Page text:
Even if all this works economically, it will still represent a departure from the current socially attractive and economically untenable idea that the fruits of our journalistic labor should be available free to all the citizens of the world. So one could argue that economic support for journalism is a public good and should be funded from sources in addition to the free market, as universities like Columbia are.
 
Maybe Internet service providers should be compelled to set aside some money for news production, as broadcasters, in effect, used to be. Or maybe the public radio and television systems should get funding to do more original local reporting. Or maybe philanthropy should fund journalism. Or maybe government itself should, with appropriate firewalls to protect editorial freedom, as it has with high distinction in some other countries.
 
These are not abstract ideas from a seminar room. They are intensely and urgently under discussion right now, in Washington and much of the rest of the world—but mainly without the participation of journalists. I am using my few minutes at the podium today to urge you as strongly as I can not only to go out and be great journalists, but also to learn about and engage in the realm of public policy that affects our profession.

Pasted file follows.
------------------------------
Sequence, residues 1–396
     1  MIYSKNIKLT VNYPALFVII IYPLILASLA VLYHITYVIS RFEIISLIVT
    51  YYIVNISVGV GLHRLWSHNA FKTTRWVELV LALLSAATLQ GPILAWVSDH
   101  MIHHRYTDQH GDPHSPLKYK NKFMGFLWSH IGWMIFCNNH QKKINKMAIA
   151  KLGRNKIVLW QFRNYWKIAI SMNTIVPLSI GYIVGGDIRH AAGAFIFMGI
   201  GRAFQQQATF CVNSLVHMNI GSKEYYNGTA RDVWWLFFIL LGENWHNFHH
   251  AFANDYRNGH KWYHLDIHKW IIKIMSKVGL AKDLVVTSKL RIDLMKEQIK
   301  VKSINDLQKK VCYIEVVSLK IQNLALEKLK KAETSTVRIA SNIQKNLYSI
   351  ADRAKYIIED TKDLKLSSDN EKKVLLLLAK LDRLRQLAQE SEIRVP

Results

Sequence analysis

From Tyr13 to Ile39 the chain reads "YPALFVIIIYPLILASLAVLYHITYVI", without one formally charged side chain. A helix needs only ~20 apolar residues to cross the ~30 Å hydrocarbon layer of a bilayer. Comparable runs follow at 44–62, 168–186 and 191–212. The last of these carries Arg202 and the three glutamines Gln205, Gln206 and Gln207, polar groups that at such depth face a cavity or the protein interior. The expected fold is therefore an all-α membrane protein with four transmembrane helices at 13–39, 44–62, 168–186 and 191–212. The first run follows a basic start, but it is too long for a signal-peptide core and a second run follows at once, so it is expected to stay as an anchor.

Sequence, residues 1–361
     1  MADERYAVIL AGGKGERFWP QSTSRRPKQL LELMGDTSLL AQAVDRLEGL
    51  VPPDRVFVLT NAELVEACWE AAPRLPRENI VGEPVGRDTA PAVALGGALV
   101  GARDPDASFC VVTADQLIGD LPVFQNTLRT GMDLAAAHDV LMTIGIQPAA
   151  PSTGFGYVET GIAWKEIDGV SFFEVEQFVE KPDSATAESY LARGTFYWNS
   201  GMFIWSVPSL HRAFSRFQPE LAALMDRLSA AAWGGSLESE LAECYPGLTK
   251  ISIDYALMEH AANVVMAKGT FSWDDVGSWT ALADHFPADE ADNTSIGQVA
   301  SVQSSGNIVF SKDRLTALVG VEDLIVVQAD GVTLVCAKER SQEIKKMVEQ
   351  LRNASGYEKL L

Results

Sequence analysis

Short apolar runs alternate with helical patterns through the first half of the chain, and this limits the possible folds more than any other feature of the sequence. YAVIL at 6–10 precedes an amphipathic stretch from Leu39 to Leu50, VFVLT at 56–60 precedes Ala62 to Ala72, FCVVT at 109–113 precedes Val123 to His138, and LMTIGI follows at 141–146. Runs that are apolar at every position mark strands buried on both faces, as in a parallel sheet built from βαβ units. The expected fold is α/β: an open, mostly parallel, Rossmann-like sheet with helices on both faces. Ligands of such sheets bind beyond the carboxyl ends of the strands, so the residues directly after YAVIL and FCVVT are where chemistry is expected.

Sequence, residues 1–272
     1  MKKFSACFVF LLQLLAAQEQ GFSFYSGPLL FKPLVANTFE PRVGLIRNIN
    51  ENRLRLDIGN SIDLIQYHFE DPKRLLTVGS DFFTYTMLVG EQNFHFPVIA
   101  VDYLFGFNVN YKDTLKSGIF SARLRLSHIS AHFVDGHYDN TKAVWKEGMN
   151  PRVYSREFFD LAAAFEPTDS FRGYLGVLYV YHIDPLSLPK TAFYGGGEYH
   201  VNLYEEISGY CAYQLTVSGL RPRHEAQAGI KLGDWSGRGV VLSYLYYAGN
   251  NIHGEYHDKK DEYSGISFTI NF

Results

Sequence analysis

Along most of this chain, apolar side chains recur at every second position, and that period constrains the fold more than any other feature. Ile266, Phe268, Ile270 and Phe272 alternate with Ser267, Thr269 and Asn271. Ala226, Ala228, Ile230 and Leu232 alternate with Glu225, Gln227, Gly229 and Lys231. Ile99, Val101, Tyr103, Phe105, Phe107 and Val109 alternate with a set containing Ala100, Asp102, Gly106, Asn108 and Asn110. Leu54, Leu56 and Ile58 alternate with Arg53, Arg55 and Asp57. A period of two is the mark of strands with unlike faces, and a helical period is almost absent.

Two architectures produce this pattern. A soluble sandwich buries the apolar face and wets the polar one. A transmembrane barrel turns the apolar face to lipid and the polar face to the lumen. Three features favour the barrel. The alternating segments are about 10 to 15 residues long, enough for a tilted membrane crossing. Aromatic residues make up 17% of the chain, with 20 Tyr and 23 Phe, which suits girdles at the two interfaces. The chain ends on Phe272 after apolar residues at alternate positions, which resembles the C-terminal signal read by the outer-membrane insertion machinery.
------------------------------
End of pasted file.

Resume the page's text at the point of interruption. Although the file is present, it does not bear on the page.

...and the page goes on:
There will be decisions made in just the next few years that will profoundly affect the way you do your work over the many decades of your careers. You really shouldn’t let them be made without us, collectively, in the room. The idea that journalists somehow sully themselves if they become active participants in shaping the future of our profession isn’t just silly--it’s dangerous, if you believe journalism is as vital to the health of free societies as I think we all do.
 
As young journalists, you are standing at the doorway to a new period in our profession, whose nature is still being determined. Journalists always get to witness history unfolding; that’s one of the great attractions of our profession. You will also get to witness the history of journalism unfolding, more dramatically than most of us sitting here on the stage have. Please, don’t let yourselves be on the receiving end of history. Be participants in it.
 

One Response to “Columbia Journalism Dean Delivers Commencement Speech on Future of Media”

  1. Guest says:

    Is this satire? Has Mr. Lemann read 1984? "Journalism" should rise and fall on its own merits.

    Journalism has always been portrayed as the fourth branch of government. If it were to ask, or accept, any money from the government, it would be worse than incest.